With an introduction “The enduring popularity and desirability of London’s Sloane Square, Mayfair and Notting Hill neighbourhoods speaks to the strengths of mid-rise as a form” I wonder if this is really going to be a fruitful read.
However amongst and beyond the quotes from three interviewees, Ben Denton, Ben Derbyshire and Eliot Lipton, there are snippets of value amongst the rather confused structure of the report.
Housing in the UK is no small subject to cover in roughly half a report of 34 pages. Categorise it by historical and current development, policy context, tenure types and current industry recommendations (increase investment, make more land available, empower communities, financial reforms) and conclude with:
“we need to build differently” is to say the least inadequate.
Come to page 24 and we get to the meat of the report, a definition of mid-rise housing, 5-8 storeys. Not up to 10-12 storeys which might have been thought a more acceptable proposition for some of the higher value and better served areas of a world city.
The potential locations and context for mid-rise revealed at the beginning are key routes, small/medium infill sites, large scale new build and estate regeneration.
An important consideration is the so-called “right of way” (R.O.W.). Mid-rise developments can be defined as those buildings not taller than the R.O.W. of the streets onto which they face. This is not taken any further as a definition but begs the question “what about buildings overlooking large open spaces, parks, rivers?”
The four separate contextual or typologies are then discussed and throughout the three interviewees make comments for example:
Ben Derbyshire decries the low density of suburbs
“It’s so low the density of suburbia…it’s ridiculously low… it’s got the most enormous density capacity to supply housing. 2/3rd of London is at suburban densities, and therefore it’s essential to look at the capacity of that 2/3rds as a whole, from the point of view of what it can yield up by way of additional supply. The number that I bandy about is: that if you double the density of only 10% of the footprint of suburban London, you supply all of the housing London needs for the next 20 years…”
Are suburbs unpopular?
but he also states without any evidence to support it
“People don’t want housing estates…they don’t want that kind of physical and social disjunction between the city that they own and privatised space with weird built form… they just don’t want it anymore, and there’s no reason why they should have it.”
Ben Denton acknowledges London’s role as a world city
“London’s attractiveness is as a global city so therefore its market is not just the UK, it’s the world and that brings some quite unusual pressures. So in terms of demand, you’re talking on a world stage rather than just a country stage and so not just the flow of the number of people, but also the flow of money into places creates unusual market circumstances.”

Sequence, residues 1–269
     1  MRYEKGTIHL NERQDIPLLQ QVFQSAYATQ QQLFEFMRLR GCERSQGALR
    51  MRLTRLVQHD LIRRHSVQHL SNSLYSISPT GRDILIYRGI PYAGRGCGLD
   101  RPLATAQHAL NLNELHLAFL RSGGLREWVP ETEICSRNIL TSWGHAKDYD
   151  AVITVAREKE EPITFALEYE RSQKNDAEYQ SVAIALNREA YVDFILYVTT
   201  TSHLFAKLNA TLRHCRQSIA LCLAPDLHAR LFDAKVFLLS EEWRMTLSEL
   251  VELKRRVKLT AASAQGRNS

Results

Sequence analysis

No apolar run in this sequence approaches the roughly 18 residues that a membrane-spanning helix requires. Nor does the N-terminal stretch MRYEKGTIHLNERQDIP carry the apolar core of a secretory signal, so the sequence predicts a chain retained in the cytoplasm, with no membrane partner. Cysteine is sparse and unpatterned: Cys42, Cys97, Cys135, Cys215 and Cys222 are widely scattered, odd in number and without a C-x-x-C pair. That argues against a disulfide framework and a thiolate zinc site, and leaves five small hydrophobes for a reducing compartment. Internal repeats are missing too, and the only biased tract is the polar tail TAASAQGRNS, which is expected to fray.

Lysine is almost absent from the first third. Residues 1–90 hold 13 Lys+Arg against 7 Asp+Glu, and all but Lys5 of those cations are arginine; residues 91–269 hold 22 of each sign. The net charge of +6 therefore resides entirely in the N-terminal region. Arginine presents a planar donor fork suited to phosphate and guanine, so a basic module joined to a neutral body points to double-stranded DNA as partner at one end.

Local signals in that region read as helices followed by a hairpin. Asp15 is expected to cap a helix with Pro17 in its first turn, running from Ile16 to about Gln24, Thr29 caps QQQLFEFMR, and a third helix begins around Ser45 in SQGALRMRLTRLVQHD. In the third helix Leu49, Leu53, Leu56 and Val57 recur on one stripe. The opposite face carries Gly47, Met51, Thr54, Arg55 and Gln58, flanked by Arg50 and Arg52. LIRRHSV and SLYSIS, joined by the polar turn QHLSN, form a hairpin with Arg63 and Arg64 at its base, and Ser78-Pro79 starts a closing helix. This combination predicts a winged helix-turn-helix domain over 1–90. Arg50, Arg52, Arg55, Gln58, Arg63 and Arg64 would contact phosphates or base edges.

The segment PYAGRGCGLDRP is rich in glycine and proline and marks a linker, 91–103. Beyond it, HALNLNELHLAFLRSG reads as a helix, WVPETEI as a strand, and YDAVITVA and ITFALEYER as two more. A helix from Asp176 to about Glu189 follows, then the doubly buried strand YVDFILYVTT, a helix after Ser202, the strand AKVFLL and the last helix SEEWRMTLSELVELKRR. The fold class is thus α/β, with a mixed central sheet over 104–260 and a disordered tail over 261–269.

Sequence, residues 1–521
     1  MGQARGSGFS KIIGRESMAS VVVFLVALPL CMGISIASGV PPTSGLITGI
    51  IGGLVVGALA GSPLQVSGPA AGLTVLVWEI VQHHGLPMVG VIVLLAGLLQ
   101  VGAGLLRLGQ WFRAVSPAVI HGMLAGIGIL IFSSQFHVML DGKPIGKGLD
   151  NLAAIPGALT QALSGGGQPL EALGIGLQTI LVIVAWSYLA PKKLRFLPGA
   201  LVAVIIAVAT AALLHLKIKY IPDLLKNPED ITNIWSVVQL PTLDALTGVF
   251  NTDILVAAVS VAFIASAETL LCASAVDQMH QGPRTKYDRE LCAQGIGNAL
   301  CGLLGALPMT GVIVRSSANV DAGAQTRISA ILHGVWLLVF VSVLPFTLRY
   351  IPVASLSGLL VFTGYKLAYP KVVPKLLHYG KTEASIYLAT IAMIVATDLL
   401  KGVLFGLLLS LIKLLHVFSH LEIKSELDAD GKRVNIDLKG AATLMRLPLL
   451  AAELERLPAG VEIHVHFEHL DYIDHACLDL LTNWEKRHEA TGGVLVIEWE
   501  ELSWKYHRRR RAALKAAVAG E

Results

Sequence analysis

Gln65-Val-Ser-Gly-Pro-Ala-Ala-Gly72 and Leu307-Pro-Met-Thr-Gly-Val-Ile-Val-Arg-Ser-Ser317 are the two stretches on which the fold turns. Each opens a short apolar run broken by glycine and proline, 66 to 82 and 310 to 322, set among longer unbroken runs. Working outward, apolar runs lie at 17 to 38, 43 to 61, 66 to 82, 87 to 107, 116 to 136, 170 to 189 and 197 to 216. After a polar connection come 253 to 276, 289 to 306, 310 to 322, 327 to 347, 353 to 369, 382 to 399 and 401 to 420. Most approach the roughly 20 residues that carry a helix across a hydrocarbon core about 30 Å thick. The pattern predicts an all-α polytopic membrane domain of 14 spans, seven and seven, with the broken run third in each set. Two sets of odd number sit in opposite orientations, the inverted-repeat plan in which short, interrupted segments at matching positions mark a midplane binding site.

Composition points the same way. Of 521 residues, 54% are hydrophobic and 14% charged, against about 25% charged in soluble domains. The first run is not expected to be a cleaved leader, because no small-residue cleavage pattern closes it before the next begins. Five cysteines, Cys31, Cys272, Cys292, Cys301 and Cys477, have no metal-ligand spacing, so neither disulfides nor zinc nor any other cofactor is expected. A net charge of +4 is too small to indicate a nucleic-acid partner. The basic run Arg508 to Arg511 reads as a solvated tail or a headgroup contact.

But his role as Strategic Director of Housing Regeneration and Property is also expressed when coming up with ideal options for mid-rise housing…
“…….If you look at some of the great examples of mid-rise across London, historic examples like Maide Vale, they work fabulously well, they had communal outdoor space…that model works really, really well. Everyone would aspire to grow up in Maide Vale and in places like that.”
Not more than 500m away from Maida Vale in Westbourne Green, there is a very different and successful model, mixing estate renewal with new build additions to intensify the density of the area.
Eliott Lipton surprisingly says of the London housing market:
“London residential is an inefficient market, with customers at either end of the earnings spectrum getting homes – – if you’re rich or in need of support, then the state system works for you…it’s the people in the middle that the system works less well for and that is fundamentally caused by a lack of supply.”
No doubt those at the top get what they want but at the bottom too?
The report paints a reasonably realistic picture of the challenges that London is facing……
“While the bulk of demand can be identified at the lower end of the market…….., new developments continue to target wealthier buyers……. The current model of investment into luxury, typically high-rise, residential developments is risking oversupply in the Prime market, while failing to deliver where the bulk of future demand lies.
Research estimates that 28,500 new homes are needed at the lower end of the market each year, while only 18,500 will be needed in the mid and upper core markets52. Of the 42,000..(current Mayor’s housing policy target), 15,000 affordable homes are to be developed each year – 40% of which will be for lost-cost ownership, and 60% will be for affordable rent. These targets, given the mere 17,000 homes built in London last year, only 6,000 of which were built by housing associations and councils, have been praised as ambitious, if not unrealistic.”
Social housing as part of a mix is barely considered in any detail.
Fundamental to the report is the desire to paint a single form and possibly visual image for the future of London. Mid-rise has its role but so too the lower densities of inner and outer suburbs. The arterial routes in and out of the city could with improvements to air quality provide fertile ground for higher density mid-rise developments but like so much of city planning this requires joined up thinking and not a single limited solution.